Stuttgart/Berlin The consumer protection portal “Watchlist Internet” provides an example of this from the recent past: scammers not only build fake shops, but also imitate the Klarna payment service in a deceptively real way.
The user then unsuspectingly enters his online banking access data for the supposed instant transfer, which is then fished out by the criminals. Important: In this case, the Internet addresses when paying should be “Sofort.com” or “Klarna.com”.
Otherwise scammers are at work, who will probably also try to get a TAN from their victims in order to be able to steal money by bank transfer. According to the experts, they could pretend to be an employee of the house bank on the phone.
Names and prices can unmask fake shops
So it is better to identify fake shops beforehand. But how? If you are shopping in a shop for the first time, you should enter the name in a search engine. Have other customers had bad experiences or are there already warning reports? Are the prices too good to be true? Then they often aren’t.
And take a look at the imprint: “95 percent of fake shops have no imprint at all. And if there is no imprint, then hands off,” advises Thorsten Behrens from “Watchlist Internet”. Even with legal forms such as “Ltd.” or a conspicuous number of linguistic or spelling mistakes, caution is advised. An address check is also worthwhile: Is the company listed on online maps?
All the alarm bells should ring when a shop initially offers a whole range of payment options, but in the end only the prepayment option remains and all secure payment methods such as invoice or direct debit have disappeared. Then you should definitely cancel the purchase and never transfer money in advance.
In the case of classified ads, communication only via the platform
And what about classified ad portals? “The problem with these portals is that you know even less who you are dealing with than with classic online shopping,” says Thorsten Behrens. It is very important: Communication only via the respective platform.
Don’t be lured to other channels or sites. And don’t get involved in payments to supposed trust companies and preferably also not in transfers. Cash payment and personal delivery are preferred.
On classifieds portals, however, private sellers are also targeted by criminals. Especially with high-quality goods, scammers often claim to have already transferred the money and send fake payment receipts from payment services. Your calculus: The goods will be sent without any money actually having flowed.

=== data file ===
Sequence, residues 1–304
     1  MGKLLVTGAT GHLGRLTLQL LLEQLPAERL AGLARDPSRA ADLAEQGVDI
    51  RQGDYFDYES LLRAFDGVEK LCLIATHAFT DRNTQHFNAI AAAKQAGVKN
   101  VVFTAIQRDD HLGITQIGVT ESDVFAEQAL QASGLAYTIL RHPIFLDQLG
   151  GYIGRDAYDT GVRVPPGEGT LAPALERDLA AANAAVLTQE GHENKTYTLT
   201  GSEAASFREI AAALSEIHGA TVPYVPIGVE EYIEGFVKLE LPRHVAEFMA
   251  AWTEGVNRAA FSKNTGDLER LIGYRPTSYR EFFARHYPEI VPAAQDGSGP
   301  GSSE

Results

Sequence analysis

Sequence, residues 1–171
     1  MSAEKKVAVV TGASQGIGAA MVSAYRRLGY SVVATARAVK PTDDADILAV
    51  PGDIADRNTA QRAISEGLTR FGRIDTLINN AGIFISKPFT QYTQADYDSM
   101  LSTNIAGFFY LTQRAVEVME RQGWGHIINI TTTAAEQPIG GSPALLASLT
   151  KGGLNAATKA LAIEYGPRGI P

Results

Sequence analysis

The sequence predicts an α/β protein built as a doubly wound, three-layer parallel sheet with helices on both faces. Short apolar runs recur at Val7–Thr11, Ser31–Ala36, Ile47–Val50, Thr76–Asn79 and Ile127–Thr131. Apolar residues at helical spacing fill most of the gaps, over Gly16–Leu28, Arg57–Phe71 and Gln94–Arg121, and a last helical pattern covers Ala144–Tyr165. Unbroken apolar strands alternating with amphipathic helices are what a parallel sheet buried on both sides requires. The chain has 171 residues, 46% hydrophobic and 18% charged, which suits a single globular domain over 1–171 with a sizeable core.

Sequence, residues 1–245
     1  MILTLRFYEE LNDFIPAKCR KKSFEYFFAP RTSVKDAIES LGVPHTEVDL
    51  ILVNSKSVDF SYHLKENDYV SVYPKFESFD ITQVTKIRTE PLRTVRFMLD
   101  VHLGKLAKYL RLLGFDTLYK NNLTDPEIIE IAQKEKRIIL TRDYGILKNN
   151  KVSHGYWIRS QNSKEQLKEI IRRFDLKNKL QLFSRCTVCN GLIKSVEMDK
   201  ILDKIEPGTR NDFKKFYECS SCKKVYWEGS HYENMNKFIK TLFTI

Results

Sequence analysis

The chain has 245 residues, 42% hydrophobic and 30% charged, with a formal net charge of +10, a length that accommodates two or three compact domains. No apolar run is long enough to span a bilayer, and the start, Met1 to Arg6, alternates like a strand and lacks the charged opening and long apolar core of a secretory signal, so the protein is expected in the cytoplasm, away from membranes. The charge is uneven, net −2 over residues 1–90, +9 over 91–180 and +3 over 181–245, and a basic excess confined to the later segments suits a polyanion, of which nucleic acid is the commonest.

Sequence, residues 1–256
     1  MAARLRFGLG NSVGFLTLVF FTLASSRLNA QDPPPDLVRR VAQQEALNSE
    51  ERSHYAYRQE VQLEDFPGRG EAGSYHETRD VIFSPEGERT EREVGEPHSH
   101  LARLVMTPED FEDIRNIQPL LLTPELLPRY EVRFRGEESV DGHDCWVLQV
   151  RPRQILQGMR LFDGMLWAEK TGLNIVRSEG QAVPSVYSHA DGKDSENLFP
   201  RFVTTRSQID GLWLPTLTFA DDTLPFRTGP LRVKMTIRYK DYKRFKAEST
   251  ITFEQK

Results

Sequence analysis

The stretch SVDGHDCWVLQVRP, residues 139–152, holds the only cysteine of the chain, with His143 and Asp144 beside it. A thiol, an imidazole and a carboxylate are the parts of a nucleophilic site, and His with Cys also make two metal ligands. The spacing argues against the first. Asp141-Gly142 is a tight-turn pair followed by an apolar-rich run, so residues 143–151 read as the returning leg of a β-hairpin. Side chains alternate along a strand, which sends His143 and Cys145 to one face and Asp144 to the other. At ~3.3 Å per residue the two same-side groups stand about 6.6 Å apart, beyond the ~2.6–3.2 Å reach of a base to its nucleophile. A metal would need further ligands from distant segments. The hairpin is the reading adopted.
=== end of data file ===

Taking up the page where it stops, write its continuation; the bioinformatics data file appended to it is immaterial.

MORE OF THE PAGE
The scam with supposed couriers or freight forwarders is also widespread: someone allegedly cannot pick up the goods themselves, for example because they claim to be abroad. However, he or she offers to send a courier or freight forwarder.
Pay as a seller? Don’t!
That means: hands off. Otherwise, the alleged buyer will ask you to pay the freight costs for the forwarding company, combined with the promise to transfer these delivery costs together with the purchase price. Then comes a fake e-mail that is supposed to prove receipt of payment, followed by bank details: supposedly those of the supposed shipping company.
Anyone who actually transfers the fictitious freight costs is rid of their money. Because the promised and supposedly proven payment never came into your own account. There are also variants of the forwarding trick, which are mainly about phishing and the supposed freight company asks you to provide credit card or account information. The criminals then tap into this sensitive data.
However, fraudulent offers can also be found on social media or by e-mail. In both cases, one should approach dream price offers critically, especially when it comes to popular or current high demand, be it the top smartphone, the solar system or a cheap gas supply contract.
Anyone who has “bitten the hook” with such bait and has given their data must often expect calls that generate ever-increasing pressure to buy or contract. “Consumers’ fears are being cleverly exploited here,” says Ingo Sorgatz from the victim protection organization Weißer Ring, for example with a view to the problems and challenges in the energy sector. Fraudsters would specifically target older generations in particular.
“You don’t get anything for free on the internet either.”
In order not to receive bait offers or phishing traps in the first place or less frequently, one should make sure that the e-mail provider or the e-mail program has an active spam filter, advises Joachim Schneider from the police crime prevention department of the federal states and the federal government applies in general: “You don’t get anything for free on the Internet either.”
Anyone who has been taken in by a scammer and has already transferred or sent money should not only inform their bank or the respective payment service provider, but also report any fraud.
Because only if the police become aware of such incidents can they identify fraudsters, identify new waves of fraud and react preventively. “An ad is a potential victim protection,” emphasizes Joachim Schneider: “You not only help to apprehend the perpetrators, but also prevent further crime victims.”